Reaching out across the Web .. ...分享 http://blog.sciencenet.cn/u/zuojun Zuojun Yu, physical oceanographer, freelance English editor

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Final days of some old people in Hawaii

已有 2281 次阅读 2017-6-5 15:42 |个人分类:Uniquely Hawaii|系统分类:海外观察|关键词:Final,days,,old,people,,Hawaii| old, Days, Hawaii, people, final

(有空时翻译成中文)


Final days of some old people in Hawaii


C’s mom was as graceful as anyone I have ever met, who had her hair done and dressed in muumuu when inviting people to dine out. We were fortunate to join her family on all major US holidays. Before that, I never celebrated the Easter Sunday. C’s mom gave that holiday a non-religion meaning, that is, to celebrate new life in general.

As time went by, C’s mom gradually retired from hosting semi-family gathering. Eventually, she developed dementia. She was fortunate enough to stay at home. When she could no longer care for herself, she had two helpers, each staying with her for 12 hours straight. These helpers did not cook for her. (They were paid by hourly wages. I don’t remember the exact rates, but it was more than $10/hr. You can figure out the monthly cost. I think the medical insurance paid for at least part of it.) Luckily, C has a brother, so the two took turns to send food to their mother.

In her final days, she was put in hospice care at a hospital wing. (Hospice care is a type of care and philosophy of care that focuses on the palliation of a chronically ill, terminally ill or seriously ill patient's pain and symptoms, and attending to their emotional and spiritual needs. From wikipedia) Her mind was clear during the final days, when she requested my visit.


S’s mother-in-law was a lot more demanding, probably because she had dementia. S was born in Japan, but she carries both Japanese women’s gentleness and American women’s toughness. She never complained about anything when we met for lunch or tea once every few months, until her mother-in-law drove her nuts. Dealing with an aging parent became part of our conversation.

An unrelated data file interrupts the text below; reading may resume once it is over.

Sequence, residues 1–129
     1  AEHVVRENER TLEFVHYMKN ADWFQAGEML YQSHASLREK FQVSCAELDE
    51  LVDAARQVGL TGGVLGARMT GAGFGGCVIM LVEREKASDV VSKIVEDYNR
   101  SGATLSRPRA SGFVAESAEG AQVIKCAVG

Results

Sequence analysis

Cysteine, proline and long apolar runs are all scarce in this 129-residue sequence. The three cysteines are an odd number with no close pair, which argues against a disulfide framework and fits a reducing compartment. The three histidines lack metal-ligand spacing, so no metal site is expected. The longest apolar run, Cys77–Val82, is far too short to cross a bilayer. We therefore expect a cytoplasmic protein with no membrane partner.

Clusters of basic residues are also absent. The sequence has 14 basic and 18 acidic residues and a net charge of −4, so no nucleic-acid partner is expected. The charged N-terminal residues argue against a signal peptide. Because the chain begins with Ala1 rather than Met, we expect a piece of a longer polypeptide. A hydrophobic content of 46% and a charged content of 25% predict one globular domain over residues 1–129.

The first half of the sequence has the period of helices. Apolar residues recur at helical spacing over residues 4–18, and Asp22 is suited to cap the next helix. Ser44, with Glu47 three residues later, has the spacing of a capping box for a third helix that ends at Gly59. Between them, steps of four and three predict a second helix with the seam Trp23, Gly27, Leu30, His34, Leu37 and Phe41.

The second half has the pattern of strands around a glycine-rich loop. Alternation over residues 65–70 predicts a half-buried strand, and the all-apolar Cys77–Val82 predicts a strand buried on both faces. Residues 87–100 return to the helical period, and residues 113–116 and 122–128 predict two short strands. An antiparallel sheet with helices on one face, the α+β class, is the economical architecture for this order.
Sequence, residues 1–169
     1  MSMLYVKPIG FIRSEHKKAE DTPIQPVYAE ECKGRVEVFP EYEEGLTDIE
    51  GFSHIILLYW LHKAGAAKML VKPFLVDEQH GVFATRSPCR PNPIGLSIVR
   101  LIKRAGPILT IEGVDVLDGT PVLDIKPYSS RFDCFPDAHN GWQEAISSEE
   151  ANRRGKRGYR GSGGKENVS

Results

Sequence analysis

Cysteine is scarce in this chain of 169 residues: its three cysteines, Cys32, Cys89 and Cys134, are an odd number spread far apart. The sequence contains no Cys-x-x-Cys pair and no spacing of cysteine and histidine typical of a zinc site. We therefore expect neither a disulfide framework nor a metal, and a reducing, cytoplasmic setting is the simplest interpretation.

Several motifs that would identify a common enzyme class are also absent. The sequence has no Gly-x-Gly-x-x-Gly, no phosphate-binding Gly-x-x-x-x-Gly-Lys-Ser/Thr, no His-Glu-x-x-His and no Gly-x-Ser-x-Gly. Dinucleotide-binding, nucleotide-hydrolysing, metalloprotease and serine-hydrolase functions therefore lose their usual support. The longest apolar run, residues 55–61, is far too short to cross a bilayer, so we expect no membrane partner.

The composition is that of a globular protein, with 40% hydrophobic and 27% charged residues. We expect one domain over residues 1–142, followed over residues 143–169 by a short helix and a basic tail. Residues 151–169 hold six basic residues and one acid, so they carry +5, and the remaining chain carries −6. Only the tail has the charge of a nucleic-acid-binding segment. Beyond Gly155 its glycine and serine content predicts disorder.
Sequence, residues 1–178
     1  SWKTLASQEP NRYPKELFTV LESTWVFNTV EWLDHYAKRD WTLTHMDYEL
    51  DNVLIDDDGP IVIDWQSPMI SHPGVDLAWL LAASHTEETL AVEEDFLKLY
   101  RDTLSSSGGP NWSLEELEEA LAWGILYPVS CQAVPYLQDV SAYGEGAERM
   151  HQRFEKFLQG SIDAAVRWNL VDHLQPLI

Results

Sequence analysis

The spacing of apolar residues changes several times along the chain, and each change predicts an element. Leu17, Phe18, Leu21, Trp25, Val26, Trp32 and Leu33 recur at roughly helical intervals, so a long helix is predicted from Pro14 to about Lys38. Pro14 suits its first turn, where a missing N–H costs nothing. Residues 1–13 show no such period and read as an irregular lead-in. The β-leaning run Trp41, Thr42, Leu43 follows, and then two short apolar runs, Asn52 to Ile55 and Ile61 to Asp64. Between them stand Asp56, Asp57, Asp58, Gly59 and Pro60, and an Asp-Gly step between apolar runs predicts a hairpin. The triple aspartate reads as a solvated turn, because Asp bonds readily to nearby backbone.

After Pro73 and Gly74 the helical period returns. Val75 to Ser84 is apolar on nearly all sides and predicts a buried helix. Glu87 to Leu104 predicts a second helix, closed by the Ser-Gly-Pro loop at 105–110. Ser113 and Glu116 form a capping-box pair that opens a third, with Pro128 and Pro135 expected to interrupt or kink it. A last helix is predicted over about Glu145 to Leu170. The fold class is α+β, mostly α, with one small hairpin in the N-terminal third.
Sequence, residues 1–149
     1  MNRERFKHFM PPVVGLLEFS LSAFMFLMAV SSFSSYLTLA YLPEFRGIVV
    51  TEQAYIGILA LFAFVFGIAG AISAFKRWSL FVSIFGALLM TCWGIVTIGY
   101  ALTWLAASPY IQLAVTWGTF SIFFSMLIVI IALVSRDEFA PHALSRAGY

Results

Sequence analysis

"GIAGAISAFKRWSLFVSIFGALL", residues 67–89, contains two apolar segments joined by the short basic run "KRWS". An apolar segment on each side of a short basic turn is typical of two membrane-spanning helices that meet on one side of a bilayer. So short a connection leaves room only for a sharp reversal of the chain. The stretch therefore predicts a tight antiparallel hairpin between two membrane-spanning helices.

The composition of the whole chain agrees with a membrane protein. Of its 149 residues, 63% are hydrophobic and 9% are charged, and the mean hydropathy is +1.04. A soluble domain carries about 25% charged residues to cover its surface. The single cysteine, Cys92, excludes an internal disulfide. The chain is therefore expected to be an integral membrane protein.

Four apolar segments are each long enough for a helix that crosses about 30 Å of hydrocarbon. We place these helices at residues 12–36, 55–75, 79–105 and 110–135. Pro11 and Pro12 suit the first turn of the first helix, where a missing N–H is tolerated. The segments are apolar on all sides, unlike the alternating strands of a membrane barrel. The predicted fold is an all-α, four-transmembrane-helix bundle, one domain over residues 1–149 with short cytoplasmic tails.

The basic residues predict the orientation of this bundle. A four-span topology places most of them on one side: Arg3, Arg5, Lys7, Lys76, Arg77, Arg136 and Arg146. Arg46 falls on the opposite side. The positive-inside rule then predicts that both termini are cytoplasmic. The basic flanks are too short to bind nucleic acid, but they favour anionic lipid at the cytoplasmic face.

Eventually, her mother-in-law was sent to an adult daycare, just like a kid’s daycare, leaving home in the morning and coming home in the afternoon. S’s husband was the main caretaker, and S’s son helped. They struggled for years taking care of the grandma, until the very end.


I never met G’s mom, but as if I knew her. G was a yoga class C1 regular, just like me. We gradually became friends. G lives in LA, but visited Honolulu twice a year, each time for at least a month to take care of her mom, who was blind and had dementia. When G was not around, her sister and brother took care of their mother.

When G and her siblings decided that their mother needed hospice care, the doctor arranged for home hospice instead of using a hospice facility. The hospital was very supportive, and within a few hours of their request, the hospice team arrived.  One registered nurse, and one LVN (Licensed Vocational Nurses) who bathed and changed their mother. They even offered the family religious personnel as well as a social worker.

Final note: a yoga classmate of mine does house calls to her clients. I have tremendous respect for her and her work. And a yoga teacher of mine is a social worker. I am very fond of her, too.

How much I wish all these are available in China, now.



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